By Joseph Essertier, June 21, 2019
Some people are actually happy about the “consistently increasing defence budgets” of recent years. One finds those words in the Exhibitor Prospectus for the weapons market in Japan called the “Maritime Air Systems & Technologies for Defense, Security, and Safety” (MAST Asia 2019). If military budgets for governments around the world continue to expand, then it may be true that Japan has a “unique environment in which business will abound”: the business of manufacturing and selling the weapons of war.
Perhaps by the word “unique,” they mean that Japanese weapons development was once held back by its peace constitution and largely anti-war populace, but Japan’s self-imposed ban on weapons sales to other countries was removed in 2014 . Under the ultranationalist government of Prime Minister Shinzo Abe, Japan is remilitarizing at a breakneck pace. Hearing about MAST Asia 2019 in Chiba, Japan will be sad for many people in East Asia, where there are still people who feel the wounds inflicted on them by the Empire of Japan (1868-1947).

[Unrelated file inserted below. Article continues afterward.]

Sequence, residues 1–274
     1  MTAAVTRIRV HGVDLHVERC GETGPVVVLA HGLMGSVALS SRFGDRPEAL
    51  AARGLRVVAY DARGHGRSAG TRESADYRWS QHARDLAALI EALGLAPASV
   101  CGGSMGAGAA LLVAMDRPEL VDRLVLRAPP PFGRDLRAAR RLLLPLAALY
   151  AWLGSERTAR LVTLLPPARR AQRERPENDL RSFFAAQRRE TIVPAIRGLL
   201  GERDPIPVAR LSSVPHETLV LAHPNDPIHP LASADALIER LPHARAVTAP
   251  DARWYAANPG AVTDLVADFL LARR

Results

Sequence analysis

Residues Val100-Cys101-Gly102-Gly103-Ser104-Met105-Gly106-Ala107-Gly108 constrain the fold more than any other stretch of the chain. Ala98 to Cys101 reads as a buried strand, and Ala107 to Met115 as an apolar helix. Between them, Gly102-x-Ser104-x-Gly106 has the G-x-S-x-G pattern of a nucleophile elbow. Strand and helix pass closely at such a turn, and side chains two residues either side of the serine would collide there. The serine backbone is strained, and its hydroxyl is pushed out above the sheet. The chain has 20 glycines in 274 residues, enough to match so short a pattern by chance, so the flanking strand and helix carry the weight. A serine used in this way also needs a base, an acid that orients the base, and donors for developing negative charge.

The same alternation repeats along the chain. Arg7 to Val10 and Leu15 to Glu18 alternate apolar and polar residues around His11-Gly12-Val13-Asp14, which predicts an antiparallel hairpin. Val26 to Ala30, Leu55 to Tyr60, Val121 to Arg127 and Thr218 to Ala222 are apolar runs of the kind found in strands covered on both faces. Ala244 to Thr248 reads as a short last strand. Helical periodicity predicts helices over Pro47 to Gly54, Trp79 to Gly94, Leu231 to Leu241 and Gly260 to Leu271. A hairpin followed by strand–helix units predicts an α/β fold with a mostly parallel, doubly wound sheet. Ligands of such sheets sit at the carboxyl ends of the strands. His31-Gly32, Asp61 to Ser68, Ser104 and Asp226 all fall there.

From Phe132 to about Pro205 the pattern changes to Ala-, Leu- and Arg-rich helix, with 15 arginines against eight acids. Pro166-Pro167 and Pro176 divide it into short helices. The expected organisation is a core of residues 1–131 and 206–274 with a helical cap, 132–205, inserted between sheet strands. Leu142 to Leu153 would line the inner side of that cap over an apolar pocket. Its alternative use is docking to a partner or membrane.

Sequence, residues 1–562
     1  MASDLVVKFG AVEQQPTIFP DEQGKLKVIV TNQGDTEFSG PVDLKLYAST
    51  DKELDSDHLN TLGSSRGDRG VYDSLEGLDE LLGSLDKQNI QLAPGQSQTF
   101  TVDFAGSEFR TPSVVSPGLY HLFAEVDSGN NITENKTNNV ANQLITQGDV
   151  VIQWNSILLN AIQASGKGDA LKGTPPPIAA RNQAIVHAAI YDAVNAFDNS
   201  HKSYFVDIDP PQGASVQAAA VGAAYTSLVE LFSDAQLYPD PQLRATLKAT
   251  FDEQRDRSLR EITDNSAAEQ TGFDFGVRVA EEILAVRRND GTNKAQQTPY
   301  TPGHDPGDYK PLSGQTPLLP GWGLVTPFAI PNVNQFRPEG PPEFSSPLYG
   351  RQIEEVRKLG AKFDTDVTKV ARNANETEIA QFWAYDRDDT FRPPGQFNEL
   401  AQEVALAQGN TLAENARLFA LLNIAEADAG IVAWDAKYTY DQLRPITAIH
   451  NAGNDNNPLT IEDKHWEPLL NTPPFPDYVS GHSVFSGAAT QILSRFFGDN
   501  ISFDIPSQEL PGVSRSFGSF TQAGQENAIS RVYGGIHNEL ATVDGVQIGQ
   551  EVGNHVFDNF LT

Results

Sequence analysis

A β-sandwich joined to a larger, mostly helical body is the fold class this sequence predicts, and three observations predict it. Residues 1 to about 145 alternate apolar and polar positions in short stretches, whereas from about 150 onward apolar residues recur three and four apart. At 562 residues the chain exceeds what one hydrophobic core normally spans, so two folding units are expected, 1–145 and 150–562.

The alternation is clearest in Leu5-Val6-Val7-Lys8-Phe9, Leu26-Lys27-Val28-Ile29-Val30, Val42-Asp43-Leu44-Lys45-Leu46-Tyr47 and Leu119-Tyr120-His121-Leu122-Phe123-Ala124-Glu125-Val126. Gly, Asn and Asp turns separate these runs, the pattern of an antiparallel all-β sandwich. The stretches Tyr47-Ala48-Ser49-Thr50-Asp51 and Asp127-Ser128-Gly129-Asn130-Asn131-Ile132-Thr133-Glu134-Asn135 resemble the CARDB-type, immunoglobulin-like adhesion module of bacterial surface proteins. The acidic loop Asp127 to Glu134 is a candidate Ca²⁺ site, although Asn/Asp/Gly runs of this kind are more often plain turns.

Some people have the foresight and the sympathy needed to stand up and reject this convention and military trade show. 230 people rallied at the convention site for a day of speech making, a “human chain” with flowers, and a “die-in” on June 17th, the first day of the 3-day at the Makuhari Messe convention center in Chiba City, only a one-hour train trip from Tokyo.
While 73 companies from 53 countries displayed their wares, including 10 Japanese companies such as Mitsubishi and Kawasaki, people from peace organizations, including a group called “Mothers against War” said “no!” to what they called “merchants of death,” “no” to what they call this “model weapons market,” and held signs with messages such as “weapons are not a way to make peace.” Another weapons market is scheduled for the 18th to the 20th of November, but a petition to stop it is being circulated.
Here is video of the interviews (only in Japanese) with the protestors, their speeches, antiwar chants, and “die-in” (as in “sit-in”). Here is a short news report from the perspective of the protestors and here are some other photos of the protests.